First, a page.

It’s true that we probably learn best from our own mistakes. However, as a condo board member, you probably would prefer to avoid mistakes entirely that could adversely affect your community. After all, you’ve chosen to volunteer your time and provide leadership in order to enhance your residents’ lifestyle, protect the condo corporation’s investments and improve your community. So how can you avoid the kinds of mistakes other condo board members have made?
An experienced community manager can provide plenty of insight on what not
to do as a board member. These professionals have worked with many different types of condo board members and can clue you in on the mistakes they have witnessed. In this article, we discuss four of the most common of these mistakes and offer recommendations to help you avoid making the same ones.
Mistake #1: Becoming power hungry
Some condo board members seem to thrive on power. As a result, they make decisions independently and disregard the need for board approval. For example, they might negotiate with a vendor, discuss a legal issue with a condo owner or tell landscapers or other staff what to do without consulting with the other board members. Not only does this violate their bylaws, it can also create liability issues for the entire condo corporation.
Remember that your role as a board member is to put the common interest of your community ahead of your own interests, and this is best done when your board functions as a unit. Do not make unilateral decisions that you are not authorized to make. Instead, discuss important issues with the other board members, and look to your bylaws for guidance on how and when to bring a decision up for a vote.
Mistake #2: Getting impatient
Board members who have served for a long time may find that they deal with the same types of problems repeatedly. The condo owner raising the issue may be different, but the situation isn’t. Understandably, it can be frustrating to address the same thing over and over again. However, taking out your frustration on someone who simply needs your help is not productive.
Keep in mind that to the resident, this issue is legitimate, new and personal. Shift your perspective slightly so that you can see the situation as an opportunity to help a concerned neighbor rather than as just another variation of the same old problem. A good condominium management company can also help you address any ongoing situations so that you won’t have to keep revisiting them.
Mistake #3: Neglecting to explain a “no” vote
When a board member votes “no” on a measure without providing an explanation, the other board members may interpret that vote negatively. For example, they may attribute the dissent to inflexibility, defiance or disrespect.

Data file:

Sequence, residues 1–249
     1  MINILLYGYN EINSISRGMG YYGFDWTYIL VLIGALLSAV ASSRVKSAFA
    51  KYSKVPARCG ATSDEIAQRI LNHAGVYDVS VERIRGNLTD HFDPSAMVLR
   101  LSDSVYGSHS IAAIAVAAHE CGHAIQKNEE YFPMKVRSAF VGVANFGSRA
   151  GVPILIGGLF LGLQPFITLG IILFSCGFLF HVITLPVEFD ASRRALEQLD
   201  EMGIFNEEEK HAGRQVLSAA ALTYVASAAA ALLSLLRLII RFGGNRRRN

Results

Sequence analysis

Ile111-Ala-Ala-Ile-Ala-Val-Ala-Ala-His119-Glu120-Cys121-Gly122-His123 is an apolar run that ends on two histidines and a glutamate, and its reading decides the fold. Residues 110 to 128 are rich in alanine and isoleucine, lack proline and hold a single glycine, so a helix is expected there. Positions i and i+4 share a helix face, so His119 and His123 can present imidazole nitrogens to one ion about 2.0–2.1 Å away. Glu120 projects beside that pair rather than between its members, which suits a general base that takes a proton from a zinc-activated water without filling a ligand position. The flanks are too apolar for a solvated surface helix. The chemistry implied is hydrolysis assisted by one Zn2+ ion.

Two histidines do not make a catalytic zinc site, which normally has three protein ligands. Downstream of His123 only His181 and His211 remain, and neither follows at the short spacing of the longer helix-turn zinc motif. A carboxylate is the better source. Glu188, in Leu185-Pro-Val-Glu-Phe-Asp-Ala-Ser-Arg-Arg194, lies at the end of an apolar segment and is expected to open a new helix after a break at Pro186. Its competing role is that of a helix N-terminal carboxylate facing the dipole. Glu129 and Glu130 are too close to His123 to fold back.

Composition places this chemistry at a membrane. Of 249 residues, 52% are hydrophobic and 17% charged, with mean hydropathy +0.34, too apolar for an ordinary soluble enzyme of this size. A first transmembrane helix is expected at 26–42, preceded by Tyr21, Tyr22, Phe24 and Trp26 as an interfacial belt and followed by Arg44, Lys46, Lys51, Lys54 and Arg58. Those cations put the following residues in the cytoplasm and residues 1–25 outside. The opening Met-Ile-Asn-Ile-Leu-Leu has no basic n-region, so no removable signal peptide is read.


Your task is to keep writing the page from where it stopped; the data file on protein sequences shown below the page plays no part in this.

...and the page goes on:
You can avoid misperceptions by explaining your “no” vote. Without taking too much time, elaborate on your concerns and your view of the condo corporation’s future. Your intention should not be to change anyone’s mind; you are simply enabling the other board members to understand your perspective.
Make it a regular part of your meetings to have a discussion period following a “no” vote—even if you only allot a very short amount of time to it—and urge dissenters to use it. Encouraging discussion of diverse viewpoints creates an atmosphere of openness, prevents misunderstandings and helps you have more effective board meetings.
Mistake #4: Holding a grudge
There will inevitably be times when a board member is unhappy with a decision that the condo board makes. Although no one expects that member to jump for joy, being a sore loser is both inappropriate and unproductive. Still, there are board members who will hold a grudge, display outright resentment or refuse to support a measure that they opposed. At its worst, this behavior can lead to dysfunction within the board.
As a board member, you have a responsibility to support the majority decision, even if you voted “no” on a particular motion. You made your views known during the discussion period, and now it is time to be a team player. If you find that a decision has created conflict among board members, seek assistance from your condo management company, if you are working with one. Your community manager can be instrumental in helping your condo board resolve its conflicts by providing an unbiased, third-party perspective.
Avoid these common mistakes, and you’ll be in a better position to focus on achieving the objectives you’ve been elected to accomplish. For more insights into effective board leadership, contact FirstService Residential
, Alberta’s leading condominium management company.